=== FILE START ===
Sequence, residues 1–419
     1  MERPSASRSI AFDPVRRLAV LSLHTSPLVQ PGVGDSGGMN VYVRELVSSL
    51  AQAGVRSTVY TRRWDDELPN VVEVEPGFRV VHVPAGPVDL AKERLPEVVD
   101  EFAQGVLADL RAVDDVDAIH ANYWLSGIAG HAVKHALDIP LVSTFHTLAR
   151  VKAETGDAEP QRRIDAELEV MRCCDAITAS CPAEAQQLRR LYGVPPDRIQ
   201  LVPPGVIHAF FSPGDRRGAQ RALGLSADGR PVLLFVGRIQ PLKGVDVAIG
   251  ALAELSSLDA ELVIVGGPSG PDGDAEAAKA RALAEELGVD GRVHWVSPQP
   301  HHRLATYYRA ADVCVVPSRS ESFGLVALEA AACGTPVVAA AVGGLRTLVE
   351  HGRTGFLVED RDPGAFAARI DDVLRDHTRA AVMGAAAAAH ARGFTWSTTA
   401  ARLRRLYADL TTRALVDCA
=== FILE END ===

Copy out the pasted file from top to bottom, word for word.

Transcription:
Sequence, residues 1–419
     1  MERPSASRSI AFDPVRRLAV LSLHTSPLVQ PGVGDSGGMN VYVRELVSSL
    51  AQAGVRSTVY TRRWDDELPN VVEVEPGFRV VHVPAGPVDL AKERLPEVVD
   101  EFAQGVLADL RAVDDVDAIH ANYWLSGIAG HAVKHALDIP LVSTFHTLAR
   151  VKAETGDAEP QRRIDAELEV MRCCDAITAS CPAEAQQLRR LYGVPPDRIQ
   201  LVPPGVIHAF FSPGDRRGAQ RALGLSADGR PVLLFVGRIQ PLKGVDVAIG
   251  ALAELSSLDA ELVIVGGPSG PDGDAEAAKA RALAEELGVD GRVHWVSPQP
   301  HHRLATYYRA ADVCVVPSRS ESFGLVALEA AACGTPVVAA AVGGLRTLVE
   351  HGRTGFLVED RDPGAFAARI DDVLRDHTRA AVMGAAAAAH ARGFTWSTTA
   401  ARLRRLYADL TTRALVDCA